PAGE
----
What To Do If You Hate Your Architecture Job
 

Where Are All The Affordable Housing Startups?, Wed, Jun 19 '24

Despite the general consensus that the United States is in need of more affordable housing, funding to startups focused on affordable housing and more efficient construction technologies is lower in 2024 than in recent years. In the meantime, a series of high-profile bankruptcies, closures ...

Where Are All The Affordable Housing Startups?
 

Architect: Whose Title Is It Anyway?, Mon, Jun 17 '24

When is an architect not an ‘architect?’ In the fourth part of Archinect In-Depth: Licensure, we explore the proliferation of the title 'architect' in cases beyond the built environment, most notably in the technology sector through terms such as 'software architect' or 'IT architect.' Are ...

Architect: Whose Title Is It Anyway?
 

Debates Surrounding Architectural Competitions Are Nothing New, Thu, Jun 13 '24

In the US architectural profession of the 2020s, and newfound scrutiny over workplace conditions from unpaid overtime to a poor work-life balance, architecture competitions have become the subject of debate over how the profession values itself and is valued by wider society while also ensuring ...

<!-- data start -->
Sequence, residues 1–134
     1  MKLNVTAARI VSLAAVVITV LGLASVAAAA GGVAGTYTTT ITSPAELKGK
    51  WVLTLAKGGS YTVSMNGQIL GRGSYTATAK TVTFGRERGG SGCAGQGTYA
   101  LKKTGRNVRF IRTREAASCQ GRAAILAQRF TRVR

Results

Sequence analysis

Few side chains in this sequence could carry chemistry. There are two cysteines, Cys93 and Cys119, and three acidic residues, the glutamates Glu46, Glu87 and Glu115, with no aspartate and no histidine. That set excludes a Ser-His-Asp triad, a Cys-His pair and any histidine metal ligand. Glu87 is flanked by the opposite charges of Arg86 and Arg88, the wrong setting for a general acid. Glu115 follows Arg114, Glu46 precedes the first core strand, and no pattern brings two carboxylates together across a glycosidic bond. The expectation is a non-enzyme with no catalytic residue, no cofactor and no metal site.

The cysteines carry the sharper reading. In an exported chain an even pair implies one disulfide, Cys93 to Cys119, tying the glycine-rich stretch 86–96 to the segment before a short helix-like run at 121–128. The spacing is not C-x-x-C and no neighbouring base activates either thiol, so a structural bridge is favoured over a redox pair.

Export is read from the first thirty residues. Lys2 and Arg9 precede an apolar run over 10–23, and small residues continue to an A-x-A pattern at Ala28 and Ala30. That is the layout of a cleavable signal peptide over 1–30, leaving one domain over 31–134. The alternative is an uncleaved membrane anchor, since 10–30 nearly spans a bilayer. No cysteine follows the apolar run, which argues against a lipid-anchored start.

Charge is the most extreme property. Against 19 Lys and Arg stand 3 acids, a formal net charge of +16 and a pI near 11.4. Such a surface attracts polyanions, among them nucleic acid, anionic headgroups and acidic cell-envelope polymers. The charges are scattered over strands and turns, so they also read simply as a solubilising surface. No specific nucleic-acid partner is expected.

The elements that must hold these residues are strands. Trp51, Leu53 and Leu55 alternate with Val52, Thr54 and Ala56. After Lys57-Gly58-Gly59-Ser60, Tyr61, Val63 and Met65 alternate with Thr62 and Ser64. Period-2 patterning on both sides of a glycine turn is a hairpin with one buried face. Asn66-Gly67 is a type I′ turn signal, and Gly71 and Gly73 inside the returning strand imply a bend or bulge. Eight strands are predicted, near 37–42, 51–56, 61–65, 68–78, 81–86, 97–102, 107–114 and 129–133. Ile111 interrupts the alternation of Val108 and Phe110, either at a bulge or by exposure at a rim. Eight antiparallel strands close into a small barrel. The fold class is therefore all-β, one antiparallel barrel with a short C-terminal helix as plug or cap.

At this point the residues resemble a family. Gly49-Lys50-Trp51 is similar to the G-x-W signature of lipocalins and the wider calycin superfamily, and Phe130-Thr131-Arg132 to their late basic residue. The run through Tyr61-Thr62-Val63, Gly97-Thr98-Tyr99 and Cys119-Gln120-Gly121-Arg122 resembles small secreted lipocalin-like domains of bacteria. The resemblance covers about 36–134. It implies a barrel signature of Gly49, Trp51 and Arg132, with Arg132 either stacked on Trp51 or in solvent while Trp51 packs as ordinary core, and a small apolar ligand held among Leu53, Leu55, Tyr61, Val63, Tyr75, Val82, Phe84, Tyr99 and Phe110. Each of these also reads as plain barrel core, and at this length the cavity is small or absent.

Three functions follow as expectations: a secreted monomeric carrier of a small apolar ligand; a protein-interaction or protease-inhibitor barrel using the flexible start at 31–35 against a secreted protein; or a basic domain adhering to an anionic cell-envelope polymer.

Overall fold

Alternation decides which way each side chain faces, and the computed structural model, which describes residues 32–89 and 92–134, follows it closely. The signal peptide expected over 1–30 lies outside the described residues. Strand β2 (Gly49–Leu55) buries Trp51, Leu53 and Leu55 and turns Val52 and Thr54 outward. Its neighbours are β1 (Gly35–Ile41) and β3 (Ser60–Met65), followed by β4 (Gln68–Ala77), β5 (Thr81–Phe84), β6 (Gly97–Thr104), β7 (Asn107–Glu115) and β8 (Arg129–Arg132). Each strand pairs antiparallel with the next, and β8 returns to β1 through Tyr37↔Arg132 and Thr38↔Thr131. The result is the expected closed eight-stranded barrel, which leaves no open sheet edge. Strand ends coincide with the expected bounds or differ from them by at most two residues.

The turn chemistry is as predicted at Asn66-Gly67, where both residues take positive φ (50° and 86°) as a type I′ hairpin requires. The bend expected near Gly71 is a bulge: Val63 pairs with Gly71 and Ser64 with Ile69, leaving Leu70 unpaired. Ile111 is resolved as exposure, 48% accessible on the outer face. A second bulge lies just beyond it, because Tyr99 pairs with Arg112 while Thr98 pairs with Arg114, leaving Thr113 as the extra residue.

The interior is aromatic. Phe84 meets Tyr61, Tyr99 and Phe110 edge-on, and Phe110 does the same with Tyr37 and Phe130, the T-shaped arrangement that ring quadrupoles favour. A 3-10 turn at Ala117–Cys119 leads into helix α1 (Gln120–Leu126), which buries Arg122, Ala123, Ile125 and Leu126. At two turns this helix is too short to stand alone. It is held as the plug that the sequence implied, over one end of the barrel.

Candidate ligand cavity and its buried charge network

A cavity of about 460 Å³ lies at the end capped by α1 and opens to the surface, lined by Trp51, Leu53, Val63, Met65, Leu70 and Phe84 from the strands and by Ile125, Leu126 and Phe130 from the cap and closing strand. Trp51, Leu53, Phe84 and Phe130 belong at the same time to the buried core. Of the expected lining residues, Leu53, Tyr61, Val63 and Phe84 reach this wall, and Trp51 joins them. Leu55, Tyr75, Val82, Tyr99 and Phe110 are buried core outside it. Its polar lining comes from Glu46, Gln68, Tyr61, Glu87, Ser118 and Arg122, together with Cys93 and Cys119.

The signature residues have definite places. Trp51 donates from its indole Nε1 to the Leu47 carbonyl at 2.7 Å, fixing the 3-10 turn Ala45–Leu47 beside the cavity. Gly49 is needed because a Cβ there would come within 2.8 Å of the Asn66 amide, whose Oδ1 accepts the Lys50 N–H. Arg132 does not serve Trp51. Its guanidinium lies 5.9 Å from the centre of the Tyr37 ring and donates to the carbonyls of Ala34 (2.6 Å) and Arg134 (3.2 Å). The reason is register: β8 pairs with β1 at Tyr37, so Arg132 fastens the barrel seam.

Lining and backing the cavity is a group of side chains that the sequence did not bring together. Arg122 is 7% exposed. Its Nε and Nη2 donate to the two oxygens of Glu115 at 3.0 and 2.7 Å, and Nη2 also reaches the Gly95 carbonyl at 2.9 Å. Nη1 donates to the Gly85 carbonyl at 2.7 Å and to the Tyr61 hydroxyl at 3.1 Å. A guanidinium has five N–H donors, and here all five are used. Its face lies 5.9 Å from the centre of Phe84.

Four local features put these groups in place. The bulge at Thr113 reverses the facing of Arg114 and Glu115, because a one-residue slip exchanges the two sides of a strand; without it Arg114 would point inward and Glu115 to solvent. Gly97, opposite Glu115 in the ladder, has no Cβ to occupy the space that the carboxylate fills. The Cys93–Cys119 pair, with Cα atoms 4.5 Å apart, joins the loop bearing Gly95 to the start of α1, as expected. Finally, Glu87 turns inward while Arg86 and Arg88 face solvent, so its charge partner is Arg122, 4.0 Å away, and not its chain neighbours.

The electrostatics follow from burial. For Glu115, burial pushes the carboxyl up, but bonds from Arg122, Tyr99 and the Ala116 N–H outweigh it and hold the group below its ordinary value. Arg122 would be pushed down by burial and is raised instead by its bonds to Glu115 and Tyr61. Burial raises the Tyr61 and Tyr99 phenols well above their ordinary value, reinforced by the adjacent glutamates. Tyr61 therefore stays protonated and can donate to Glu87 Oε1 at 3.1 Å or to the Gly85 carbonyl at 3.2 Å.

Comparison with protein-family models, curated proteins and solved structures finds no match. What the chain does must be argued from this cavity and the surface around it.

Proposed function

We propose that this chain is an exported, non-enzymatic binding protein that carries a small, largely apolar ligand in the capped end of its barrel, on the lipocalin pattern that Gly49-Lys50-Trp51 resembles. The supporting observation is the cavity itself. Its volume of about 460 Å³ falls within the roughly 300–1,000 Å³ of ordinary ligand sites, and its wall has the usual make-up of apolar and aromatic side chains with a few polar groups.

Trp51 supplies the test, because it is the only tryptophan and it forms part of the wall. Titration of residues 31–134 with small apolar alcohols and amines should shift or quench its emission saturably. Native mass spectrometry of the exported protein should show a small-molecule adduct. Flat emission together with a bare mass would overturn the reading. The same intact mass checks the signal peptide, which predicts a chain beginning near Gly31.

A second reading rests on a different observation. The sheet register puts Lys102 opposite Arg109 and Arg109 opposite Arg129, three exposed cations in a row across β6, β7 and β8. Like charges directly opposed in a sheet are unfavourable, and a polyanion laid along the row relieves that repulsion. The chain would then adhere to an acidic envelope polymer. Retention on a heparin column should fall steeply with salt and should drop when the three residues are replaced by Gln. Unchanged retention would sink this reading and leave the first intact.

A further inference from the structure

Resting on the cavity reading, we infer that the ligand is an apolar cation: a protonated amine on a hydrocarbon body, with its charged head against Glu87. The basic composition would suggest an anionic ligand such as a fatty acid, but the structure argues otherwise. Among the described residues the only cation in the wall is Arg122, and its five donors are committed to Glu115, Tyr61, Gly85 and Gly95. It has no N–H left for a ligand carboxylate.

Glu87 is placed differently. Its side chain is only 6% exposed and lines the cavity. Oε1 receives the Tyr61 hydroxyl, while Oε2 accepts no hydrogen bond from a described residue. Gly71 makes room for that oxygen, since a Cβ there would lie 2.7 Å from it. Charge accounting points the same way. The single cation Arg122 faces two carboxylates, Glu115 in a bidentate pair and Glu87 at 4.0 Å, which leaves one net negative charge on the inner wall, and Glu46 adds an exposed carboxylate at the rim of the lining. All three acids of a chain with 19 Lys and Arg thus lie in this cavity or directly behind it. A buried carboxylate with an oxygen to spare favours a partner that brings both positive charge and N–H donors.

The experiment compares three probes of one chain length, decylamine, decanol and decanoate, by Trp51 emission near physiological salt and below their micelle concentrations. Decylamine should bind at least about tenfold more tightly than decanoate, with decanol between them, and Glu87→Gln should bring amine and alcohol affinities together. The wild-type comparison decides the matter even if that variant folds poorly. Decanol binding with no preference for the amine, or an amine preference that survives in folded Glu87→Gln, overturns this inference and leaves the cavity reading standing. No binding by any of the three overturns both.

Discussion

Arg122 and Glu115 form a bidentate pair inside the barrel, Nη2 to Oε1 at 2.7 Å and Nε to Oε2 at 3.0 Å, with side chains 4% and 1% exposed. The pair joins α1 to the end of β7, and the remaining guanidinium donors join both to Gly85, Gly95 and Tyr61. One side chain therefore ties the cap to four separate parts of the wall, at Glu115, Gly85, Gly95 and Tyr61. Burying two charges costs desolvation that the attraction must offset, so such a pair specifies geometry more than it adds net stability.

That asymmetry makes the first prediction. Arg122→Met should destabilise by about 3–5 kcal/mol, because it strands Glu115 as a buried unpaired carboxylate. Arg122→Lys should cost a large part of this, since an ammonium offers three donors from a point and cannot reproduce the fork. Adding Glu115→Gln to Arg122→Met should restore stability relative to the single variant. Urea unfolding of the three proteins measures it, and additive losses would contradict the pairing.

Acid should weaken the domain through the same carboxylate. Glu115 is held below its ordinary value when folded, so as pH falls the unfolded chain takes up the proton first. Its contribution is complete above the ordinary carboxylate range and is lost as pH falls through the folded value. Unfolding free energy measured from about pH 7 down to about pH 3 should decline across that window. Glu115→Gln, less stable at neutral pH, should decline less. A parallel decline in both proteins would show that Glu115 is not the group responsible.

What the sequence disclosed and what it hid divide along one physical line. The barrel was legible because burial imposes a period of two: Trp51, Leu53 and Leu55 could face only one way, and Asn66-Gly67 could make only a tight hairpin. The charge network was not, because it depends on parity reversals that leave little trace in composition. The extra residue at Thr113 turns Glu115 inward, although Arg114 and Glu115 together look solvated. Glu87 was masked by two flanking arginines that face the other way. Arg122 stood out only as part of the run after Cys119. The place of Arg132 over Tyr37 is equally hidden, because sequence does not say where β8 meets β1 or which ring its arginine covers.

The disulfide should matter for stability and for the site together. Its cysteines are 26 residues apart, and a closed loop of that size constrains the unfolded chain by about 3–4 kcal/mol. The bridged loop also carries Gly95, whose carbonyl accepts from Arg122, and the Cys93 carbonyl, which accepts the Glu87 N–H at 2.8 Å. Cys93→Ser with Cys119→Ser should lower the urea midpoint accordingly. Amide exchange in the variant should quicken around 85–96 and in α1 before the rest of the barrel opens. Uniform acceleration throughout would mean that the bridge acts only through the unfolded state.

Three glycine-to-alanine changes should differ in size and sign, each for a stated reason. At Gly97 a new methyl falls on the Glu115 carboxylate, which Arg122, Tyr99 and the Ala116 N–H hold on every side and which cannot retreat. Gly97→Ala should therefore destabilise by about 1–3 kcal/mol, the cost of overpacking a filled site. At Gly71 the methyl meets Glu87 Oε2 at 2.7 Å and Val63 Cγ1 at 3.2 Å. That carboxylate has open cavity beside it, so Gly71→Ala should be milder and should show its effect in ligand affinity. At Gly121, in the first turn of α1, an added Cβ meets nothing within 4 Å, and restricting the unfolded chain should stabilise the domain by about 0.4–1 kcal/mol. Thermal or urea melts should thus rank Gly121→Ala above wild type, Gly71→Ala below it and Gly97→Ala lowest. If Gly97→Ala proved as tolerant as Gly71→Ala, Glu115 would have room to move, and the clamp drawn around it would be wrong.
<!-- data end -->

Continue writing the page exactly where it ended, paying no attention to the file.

Debates Surrounding Architectural Competitions Are Nothing New
 

Just Finished Architecture School? Here's Some Advice, Fri, Jun 7 '24

As the 2023/2024 academic year draws to a close, architecture graduates across the United States are preparing for the next stage in their design career, be it through employment, further education, journeys into adjacent fields, and beyond. If you are one of the many graduates embarking on this ...

Just Finished Architecture School? Here's Some Advice
 

What Europe Can (and Can’t) Tell the US About Architectural Licensure, Thu, Jun 6 '24

In the third part of Archinect In-Depth: Licensure, we reflect on what the United States can learn from the architecture licensure models of other nations. While doing so, we speak with Peggy Deamer, Professor Emerita of Yale University's School of Architecture, whose book Architecture and Labor ...